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In the Invoice class of my Rails application I need to find all invoices that are overdue.

I have only two database columns, date (which is a type datetime field) and days_allowed (which is a type integer field).

This is what I've got:

class Invoice < ActiveRecord::Base

  def self.overdue
    where("date + days_allowed < ?", Date.today)
  end

end

It's neither throwing an error nor returning the relation that I need, though.

Is there a better way to sum two database columns and then do calculations on it?

Thanks for any help.

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show the SQL of this AR query –  emaillenin Jan 26 '14 at 9:57

3 Answers 3

up vote 1 down vote accepted

While there are database-specific sql hackery that could do this, and other answers have suggested, I would do this a different way... You are interested in an attribute called "date_due", but that attribute doesn't exist. I'd make it.

  • Add a migration that adds an invoice_due_on field to your table
  • in your model add a before_save hook, something like this:

    before_save :calculate_due_date

    def calculate_due_date
      invoice_due_on = your_other_date + days_allowed.days
    end

  • do something to trigger all the existing invoices to get them to save, updating the new field. for instance, from a console:
    Invoice.all.each do |i|
      i.save
    end

This answer relies on some date magic given to you in Rails by the ActiveSupport gem. With ActiveSupport, you can do all kinds of date math, like:

    4.days.from_now
    my_birthday - 7.days

and so on. Thats what the 'days_allowed.days' method does above.

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OK, thanks. I will mark your answer as the correct one because this is pretty much what I ended up doing. Unfortunately, I got stuck again and posted another question. Today is one of those days... –  Tintin81 Jan 26 '14 at 18:10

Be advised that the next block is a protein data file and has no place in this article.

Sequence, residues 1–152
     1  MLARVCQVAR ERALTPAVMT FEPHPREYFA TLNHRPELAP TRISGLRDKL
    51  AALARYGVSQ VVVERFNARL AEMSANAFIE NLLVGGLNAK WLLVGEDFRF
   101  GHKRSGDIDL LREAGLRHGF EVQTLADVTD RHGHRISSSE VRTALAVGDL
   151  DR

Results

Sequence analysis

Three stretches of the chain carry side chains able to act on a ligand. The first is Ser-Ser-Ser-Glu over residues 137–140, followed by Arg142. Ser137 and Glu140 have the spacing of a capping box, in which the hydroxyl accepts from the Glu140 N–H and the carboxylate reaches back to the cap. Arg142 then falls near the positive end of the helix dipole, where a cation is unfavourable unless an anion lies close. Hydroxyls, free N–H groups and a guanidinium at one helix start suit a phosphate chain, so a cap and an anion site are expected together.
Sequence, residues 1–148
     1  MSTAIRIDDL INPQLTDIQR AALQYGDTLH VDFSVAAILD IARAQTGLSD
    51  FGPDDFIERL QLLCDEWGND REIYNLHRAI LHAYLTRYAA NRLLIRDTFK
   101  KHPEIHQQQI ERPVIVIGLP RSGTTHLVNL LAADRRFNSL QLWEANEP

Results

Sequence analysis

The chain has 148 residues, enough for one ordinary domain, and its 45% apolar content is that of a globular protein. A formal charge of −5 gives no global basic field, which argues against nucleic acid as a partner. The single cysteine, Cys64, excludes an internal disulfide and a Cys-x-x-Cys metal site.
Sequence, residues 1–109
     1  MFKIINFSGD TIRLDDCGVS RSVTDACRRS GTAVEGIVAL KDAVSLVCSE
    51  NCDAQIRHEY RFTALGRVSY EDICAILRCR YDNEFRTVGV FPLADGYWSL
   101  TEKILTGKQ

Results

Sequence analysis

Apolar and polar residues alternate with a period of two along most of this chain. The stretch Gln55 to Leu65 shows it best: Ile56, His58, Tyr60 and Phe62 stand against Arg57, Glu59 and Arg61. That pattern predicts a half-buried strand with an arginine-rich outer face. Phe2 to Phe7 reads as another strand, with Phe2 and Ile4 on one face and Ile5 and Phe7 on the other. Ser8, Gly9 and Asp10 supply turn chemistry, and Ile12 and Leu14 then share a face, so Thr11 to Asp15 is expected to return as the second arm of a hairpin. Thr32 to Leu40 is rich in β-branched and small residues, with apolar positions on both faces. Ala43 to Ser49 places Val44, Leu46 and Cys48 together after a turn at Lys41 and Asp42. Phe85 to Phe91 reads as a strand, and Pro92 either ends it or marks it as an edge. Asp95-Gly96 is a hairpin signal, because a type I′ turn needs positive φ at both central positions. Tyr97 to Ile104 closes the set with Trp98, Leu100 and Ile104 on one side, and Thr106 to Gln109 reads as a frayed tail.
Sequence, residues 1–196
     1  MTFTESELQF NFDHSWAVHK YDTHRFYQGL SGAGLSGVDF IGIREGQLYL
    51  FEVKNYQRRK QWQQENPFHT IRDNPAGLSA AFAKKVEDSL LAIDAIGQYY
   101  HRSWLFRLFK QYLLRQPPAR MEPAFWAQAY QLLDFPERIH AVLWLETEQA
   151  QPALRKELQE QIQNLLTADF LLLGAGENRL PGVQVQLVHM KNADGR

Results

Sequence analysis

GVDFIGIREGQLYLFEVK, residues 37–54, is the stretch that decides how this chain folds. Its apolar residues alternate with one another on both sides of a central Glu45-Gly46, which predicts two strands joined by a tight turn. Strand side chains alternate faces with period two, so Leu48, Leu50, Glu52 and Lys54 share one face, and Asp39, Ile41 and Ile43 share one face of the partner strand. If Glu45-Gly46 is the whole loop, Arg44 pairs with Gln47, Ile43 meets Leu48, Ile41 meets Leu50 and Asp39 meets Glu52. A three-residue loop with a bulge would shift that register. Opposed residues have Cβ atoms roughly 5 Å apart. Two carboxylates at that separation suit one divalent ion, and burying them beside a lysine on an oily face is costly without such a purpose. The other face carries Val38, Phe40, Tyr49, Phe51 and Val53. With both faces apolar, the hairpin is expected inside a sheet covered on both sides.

This depends on what type of database adapter you're using with ActiveRecord; for example, using PostgreSQL, you can add an INTERVAL to any DATETIME (aka TIMESTAMP), which uses a pretty natural syntax. TIMESTAMP '2014-01-26' + INTERVAL '3 days' = TIMESTAMP '2014-01-29' However, SQL itself has a DATEADD() function you could certainly use. What database are you using?

And here's a PostgreSQL wiki link for more information.

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I am using SQLite right now but may be moving to Postgres later, so cross-database compatibility is important. –  Tintin81 Jan 26 '14 at 11:43
1  
Postgres doesn't support DATEADD(), and MySQL I believe uses DATE_ADD, not to mention if you change to a different RDBMS that isn't SQL-based, or a NoSQL database. So while using pure SQL queries will certainly be the fastest (at scale), perhaps you should consider doing the arithmetic in ruby instead, if cross-database compatibility is more important to you. –  brittlewis12 Jan 26 '14 at 12:17
    
OK, thanks for your help but how exactly can I do that in Ruby? –  Tintin81 Jan 26 '14 at 12:21

Give this a shot if you're using mysql:

def self.overdue
  where("DATE_ADD(date, INTERVAL days_allowed DAY) < ?", Date.today)
end
share|improve this answer
    
I couldn't get this to work unfortunately. I must admit that I am using SQLite, though. –  Tintin81 Jan 26 '14 at 18:11
    
Do you have different days_allowed per column? If not, there's a much easier way of doing it =) –  Abdo Jan 26 '14 at 19:45
    
Yes, they differ... –  Tintin81 Jan 26 '14 at 20:04

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